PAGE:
Contributed by Joe Montero
The Liberal Party’s disaster at last weekend’s election in Victoria, is behind a new wave of internal bloodletting, and the first shot was fired when Malcolm Turnbull’s own radical dominated local branch voted to expel him.
Even on election night, senator Kelly O’Dwyer, told the television audience that the party has to learn and do some soul searching. At a subsequent meeting on Monday, she said that the Liberals are widely regarded as “homophobic, anti-women, anti-climate change deniers.”
Striking a blow for the traditional conservative wing, she fiercely criticised what she called “ideological” warriors recruiting members from certain religious groups, who have been “hijacking the party’s position on social issues.”
Apparently, there is a group working for the resignation of the party’s president Michael Kroger and State Director Nick Demiris, both of who are linked to the opposing faction, which is fighting back.
On Monday, Senator Scott Ryan called for a return to a more moderate politics on Radio National.
The election result has given the New South Wales branch, which is not particularly popular itself, an incentive to quickly distance itself from the Victorian and Federal sections of the party, in order to convince to voters that they are different, before they have to go the polls in March.
But this has not stopped the internal punch ups. On one side, some senior figures in NSW and elsewhere have censured the Victorians for “demonising” and “targeting” particular migrant groups. They have also criticised the African crime gang campaign, and the promise to shut down the new safe injecting room in Richmond.
Although the criticism focused on Victoria, there is an implied criticism of the Federal party, which has largely gone down the same road.
This is why the NSW transport minister said, “we’re not the commonwealth, we’re not Victoria, we’re very different.”
Some have even attacked the influence of the Murdoch aligned media.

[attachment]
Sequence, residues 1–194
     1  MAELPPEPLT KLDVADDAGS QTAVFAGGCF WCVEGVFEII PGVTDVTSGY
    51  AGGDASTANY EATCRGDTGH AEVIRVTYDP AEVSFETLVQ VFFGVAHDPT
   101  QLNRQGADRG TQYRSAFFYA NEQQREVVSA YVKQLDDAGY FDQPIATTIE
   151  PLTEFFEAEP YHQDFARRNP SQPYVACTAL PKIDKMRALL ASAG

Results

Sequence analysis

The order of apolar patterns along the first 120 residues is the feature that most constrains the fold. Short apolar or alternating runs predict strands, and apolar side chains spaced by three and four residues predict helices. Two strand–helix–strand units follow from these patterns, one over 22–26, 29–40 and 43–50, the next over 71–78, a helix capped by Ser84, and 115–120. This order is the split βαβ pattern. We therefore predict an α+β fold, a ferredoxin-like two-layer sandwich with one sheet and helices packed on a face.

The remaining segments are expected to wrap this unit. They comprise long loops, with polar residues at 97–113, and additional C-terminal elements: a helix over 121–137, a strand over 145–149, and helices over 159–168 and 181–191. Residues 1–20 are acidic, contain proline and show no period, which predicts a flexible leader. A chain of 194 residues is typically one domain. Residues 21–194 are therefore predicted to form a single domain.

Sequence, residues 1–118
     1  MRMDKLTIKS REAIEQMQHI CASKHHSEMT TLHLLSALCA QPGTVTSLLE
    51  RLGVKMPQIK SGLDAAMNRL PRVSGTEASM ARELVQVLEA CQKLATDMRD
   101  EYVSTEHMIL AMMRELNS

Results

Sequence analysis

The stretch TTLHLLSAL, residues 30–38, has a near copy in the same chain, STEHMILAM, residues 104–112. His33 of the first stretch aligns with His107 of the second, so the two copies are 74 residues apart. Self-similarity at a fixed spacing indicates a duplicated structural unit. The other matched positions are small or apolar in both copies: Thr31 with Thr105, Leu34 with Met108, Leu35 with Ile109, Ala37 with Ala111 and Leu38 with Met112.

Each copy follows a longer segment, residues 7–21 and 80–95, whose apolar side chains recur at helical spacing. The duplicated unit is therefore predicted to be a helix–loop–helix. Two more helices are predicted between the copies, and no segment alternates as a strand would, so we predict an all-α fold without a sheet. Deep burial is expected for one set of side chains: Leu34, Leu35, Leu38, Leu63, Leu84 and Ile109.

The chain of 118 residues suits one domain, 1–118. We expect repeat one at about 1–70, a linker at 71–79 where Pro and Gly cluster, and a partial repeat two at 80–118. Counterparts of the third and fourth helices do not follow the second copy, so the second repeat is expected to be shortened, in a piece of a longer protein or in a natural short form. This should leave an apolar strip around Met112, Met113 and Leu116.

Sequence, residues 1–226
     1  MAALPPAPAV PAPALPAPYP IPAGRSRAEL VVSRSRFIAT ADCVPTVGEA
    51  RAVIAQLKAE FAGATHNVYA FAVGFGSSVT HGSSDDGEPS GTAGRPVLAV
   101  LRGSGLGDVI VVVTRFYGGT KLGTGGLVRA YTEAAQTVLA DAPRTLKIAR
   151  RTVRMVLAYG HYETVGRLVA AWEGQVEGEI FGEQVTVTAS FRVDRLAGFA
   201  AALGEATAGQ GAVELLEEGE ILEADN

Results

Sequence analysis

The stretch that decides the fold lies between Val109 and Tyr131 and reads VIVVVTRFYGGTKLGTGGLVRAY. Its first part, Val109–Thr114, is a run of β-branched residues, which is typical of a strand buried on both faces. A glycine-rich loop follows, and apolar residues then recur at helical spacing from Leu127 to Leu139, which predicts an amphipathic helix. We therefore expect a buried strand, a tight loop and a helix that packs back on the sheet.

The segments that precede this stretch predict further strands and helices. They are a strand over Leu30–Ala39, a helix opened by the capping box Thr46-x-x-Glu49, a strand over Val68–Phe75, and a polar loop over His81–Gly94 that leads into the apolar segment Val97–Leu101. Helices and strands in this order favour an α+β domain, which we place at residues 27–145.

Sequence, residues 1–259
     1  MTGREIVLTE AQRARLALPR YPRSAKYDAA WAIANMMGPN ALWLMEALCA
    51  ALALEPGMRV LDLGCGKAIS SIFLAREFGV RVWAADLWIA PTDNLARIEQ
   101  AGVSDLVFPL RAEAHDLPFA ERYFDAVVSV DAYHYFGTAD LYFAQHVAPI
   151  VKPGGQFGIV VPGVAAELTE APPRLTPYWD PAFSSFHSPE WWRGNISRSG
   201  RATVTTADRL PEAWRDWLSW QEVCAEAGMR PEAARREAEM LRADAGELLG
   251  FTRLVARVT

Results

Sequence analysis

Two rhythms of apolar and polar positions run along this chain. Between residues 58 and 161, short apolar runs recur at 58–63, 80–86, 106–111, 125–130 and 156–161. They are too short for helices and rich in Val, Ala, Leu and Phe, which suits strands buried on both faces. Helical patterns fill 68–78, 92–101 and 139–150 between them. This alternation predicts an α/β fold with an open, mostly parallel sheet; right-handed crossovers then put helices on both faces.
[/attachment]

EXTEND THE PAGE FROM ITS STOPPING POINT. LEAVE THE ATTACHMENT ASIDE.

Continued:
Others beg to differ. They blame the lack of a clear enough political message for the Victorian disaster. Among them are those who have been driving the new direction. One of them is Federal Treasurer Josh Frydenberg. Prime Minister.
For them, this is not about retreating, but about rejigging the strategy to continue pushing the same political agenda.
Scott Morrison is s far keeping his head low. But he was directly is identified with the politics of hate that were central to the Victorian campaign and soundly rejected.
Perhaps, an insight into the thinking is provided by leading Murdoch writer Andrew Bolt, who lambasted the Liberal leadership, saying “you cannot rely simply on scaring people…You’ve got to look serious and have serious answers and I don’t think the voters ever thought the Liberals had that.” On the day after the election Bolt suggested “it wasn’t the right that cost the Liberals Victoria.”
The problem to him and those who share his political views is that there is a need to become more sophisticated and have a clearer focus in pursuing the same goals.
Bolt blames what he called the Liberal “left” for the Victorian route, because they get in the way of those who want to go in the opposite direction. The implications are that the “left” is holding the party back and that this needs to be dealt with.
He takes a tilt at Scott Morrison. No that this is new. But according to Bolt, the election result is further proof that he has got to go.
Morrison is said to lack the needed decisiveness and determination to push forward.
Bolt is clear in his belief that the Federal election next year will be lost, and the party needs to be rebuilt, more strongly, along firmer lines advocated by him, his employer and his favoured “right” faction.